Reviewed Abdi Issa and Gaaruun Yalax
Author: Abdi Ismail Samatar
Published: Red Sea Press
Publication date : 2022
Abdi Samatar’s new book Framing Somalia Beyond Africa’s Merchants of Misery is another well-reasoned and researched take down on the status quo of his country, Somalia. Professor Samatar displayed through the pages of this well-timed book, his age long abhorrence towards the rent-seeking ruling elites whose only aim and competence seems to be and was to fleece the country. According to him, the elites be it political elites, business people or the clergy are capable of only one thing: to rich themselves at the expenses of the ordinary masses. Once again, Professor Samatar was not shy from deploying another unsparing salvo of searing criticism at the foot of those corrupt elites who are the primary sponsors of the mess that the country is in right now and speaking truth to power. It’s a continuation of his relentless critique of bad state of affairs of his country, the lords of development and corrupt political elite who partnered with them to perpetuate permanent misery of their helpless people. Professor Samatar is one of the few intellectuals who have been speaking and amplifying the voice for the voiceless. You can disagree with his cynicism but he speaks the feeling of millions of Somalis who have no voice .
At the preamble, he briefly touches on his intellectual journey that begets his radical dissent. As a young undergraduate student, he read Alex Haley’s book on Malcolm X. The book was not as he said on Somalia but offered a critical analysis of racialized US society. He claimed that Haley’s book “prompted him” to think differently about the materials published by non-Somalis on Somalia. He then read radical development theories and discovered the Dependency Theory.
At the University of California, Berkeley, where he was doing his PhD, he took course on recent development in African’s political economy and read the works of the likes of Mamdani, Walter, Samir Amin. The course gave him the tools to understand how the Somali studies is detached from the African Studies debates and dynamics of colonial and postcolonial power relationship. Abdi Samatar thereafter started to challenge the dominant framing of Somalis by the orientalist.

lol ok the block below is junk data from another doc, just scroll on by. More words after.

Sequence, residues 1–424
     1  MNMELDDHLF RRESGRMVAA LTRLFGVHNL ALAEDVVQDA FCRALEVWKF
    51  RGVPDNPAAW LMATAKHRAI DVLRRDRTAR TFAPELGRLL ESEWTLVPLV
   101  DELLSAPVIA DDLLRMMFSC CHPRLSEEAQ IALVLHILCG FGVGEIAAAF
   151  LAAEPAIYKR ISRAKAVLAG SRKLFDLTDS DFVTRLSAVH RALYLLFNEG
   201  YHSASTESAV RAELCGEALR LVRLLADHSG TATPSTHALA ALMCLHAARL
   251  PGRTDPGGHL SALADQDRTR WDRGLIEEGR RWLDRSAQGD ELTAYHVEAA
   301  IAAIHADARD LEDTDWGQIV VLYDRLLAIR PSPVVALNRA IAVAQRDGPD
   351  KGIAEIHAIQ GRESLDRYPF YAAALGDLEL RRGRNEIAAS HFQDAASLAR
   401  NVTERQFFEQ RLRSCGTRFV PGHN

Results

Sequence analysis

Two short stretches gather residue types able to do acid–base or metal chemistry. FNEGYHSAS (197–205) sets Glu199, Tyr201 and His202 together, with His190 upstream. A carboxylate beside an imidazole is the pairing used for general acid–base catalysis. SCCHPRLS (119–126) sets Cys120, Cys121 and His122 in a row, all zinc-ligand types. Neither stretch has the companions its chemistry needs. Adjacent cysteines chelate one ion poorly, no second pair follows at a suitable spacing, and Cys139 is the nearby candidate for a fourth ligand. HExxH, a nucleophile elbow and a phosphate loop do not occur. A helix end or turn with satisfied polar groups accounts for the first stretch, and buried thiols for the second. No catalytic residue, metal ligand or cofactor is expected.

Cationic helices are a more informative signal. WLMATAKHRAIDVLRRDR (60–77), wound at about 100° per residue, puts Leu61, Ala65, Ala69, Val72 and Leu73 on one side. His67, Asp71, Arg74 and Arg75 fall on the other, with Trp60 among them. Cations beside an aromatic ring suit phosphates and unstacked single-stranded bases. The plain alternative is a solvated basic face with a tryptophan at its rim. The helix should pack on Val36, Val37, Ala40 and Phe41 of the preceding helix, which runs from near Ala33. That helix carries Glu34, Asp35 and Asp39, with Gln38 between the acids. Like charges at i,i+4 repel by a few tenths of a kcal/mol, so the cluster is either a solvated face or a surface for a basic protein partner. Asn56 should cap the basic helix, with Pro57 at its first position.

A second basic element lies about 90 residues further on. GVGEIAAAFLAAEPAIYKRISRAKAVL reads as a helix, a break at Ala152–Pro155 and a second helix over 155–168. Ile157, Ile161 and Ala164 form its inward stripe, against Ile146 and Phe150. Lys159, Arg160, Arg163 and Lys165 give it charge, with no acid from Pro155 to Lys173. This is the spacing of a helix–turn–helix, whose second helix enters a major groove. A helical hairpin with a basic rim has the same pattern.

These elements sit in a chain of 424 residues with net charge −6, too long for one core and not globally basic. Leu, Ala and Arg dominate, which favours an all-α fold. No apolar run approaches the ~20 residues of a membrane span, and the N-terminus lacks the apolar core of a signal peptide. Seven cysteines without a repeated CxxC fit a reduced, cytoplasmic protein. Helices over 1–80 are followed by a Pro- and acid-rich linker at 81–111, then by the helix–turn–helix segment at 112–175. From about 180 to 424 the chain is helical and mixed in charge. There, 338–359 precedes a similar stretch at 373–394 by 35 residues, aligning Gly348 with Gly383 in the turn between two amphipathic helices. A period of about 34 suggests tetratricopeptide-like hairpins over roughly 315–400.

He narrates several encounters he had with westerners who set the Somali agenda and saw first-hand of asymmetrical power relationship between them and Somalis. The NGO trade the misery of Somalis while getting hefty salaries and hardship allowance at their comfort zone in Nairobi . Their business depends of the status quo and permanent statelessness. They don’t hire critical Somalis; they only hire those who toe their line. The corrupt political elite support their agenda without questioning while they get their share at the expense of humiliation and suffering of their people.
The framing of Somalis is based on early anthropological works in the north by the British Social anthropologist I.M Lewis. Samatar engaged head to head with Lewis, who contend the identify of Somalis is determined by birth and only way you can understand them is through their clan, while Samatar disputed and argued that there is no single variable. Lewis who was an indisputable authority and guru of Somali Studies for many years surprised his audacity and label him as “westernized elite”.
Chapter 1, He provides thorough analysis of the dominant school of Somali Studies led